He highlighted that the BAI index finished the month at 4,272 which is the highest level since the index was first reported in January 2018, with the last highest level being 3,975 in mid-May 2020. This final full week of September level is +80% versus the equivalent week in 2020 and +279% versus 2019.
“With the index rising for nine consecutive weeks, it is 21% above levels seen at the end of August,” Sinclair noted. “All the 17 trade lane indexes were positive versus the end of August levels, ranging from a modest +0.3% on Frankfurt to USA, to +83% on Frankfurt to China.”
Both the China and Hong Kong markets saw strong improvements in September over August of 24% and 15%, respectively, and both continued to show gains of around 50% versus last year. All the trade lanes from these markets were positive over August. Both indices to Europe saw similar month on month improvements, 31% and 27%, respectively.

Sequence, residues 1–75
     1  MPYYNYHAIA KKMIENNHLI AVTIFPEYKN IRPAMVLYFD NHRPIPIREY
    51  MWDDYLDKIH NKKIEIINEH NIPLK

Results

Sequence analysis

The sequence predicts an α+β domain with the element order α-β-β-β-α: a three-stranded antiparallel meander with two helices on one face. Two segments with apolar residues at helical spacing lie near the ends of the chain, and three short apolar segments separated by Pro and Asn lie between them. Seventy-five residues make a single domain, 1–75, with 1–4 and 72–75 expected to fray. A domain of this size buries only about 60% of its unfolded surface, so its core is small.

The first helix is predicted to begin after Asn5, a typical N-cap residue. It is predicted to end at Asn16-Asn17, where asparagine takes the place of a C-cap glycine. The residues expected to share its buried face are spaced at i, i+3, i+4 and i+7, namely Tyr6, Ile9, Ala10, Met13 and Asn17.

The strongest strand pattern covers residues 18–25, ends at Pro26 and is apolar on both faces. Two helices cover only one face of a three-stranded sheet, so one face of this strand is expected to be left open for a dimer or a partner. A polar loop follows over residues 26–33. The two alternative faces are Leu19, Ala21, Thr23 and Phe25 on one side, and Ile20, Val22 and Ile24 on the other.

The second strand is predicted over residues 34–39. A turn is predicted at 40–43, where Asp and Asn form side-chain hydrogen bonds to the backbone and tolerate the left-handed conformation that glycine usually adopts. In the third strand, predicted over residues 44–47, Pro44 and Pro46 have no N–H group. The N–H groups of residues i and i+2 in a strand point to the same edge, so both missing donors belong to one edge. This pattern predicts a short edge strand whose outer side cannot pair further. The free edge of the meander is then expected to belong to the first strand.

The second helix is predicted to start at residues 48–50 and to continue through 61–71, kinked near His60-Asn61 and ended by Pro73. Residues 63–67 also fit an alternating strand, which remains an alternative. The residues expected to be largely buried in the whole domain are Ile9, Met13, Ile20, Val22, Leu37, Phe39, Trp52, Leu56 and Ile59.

But the difference between the ex-China and ex-Hong Kong markets was larger on flows to North America, with HKG +6% versus August levels whilst PVG was +24% – impacted by capacity constraints, Sinclair said. Hong Kong to Southeast Asia (SEA) finished the month +15% versus the last week of August.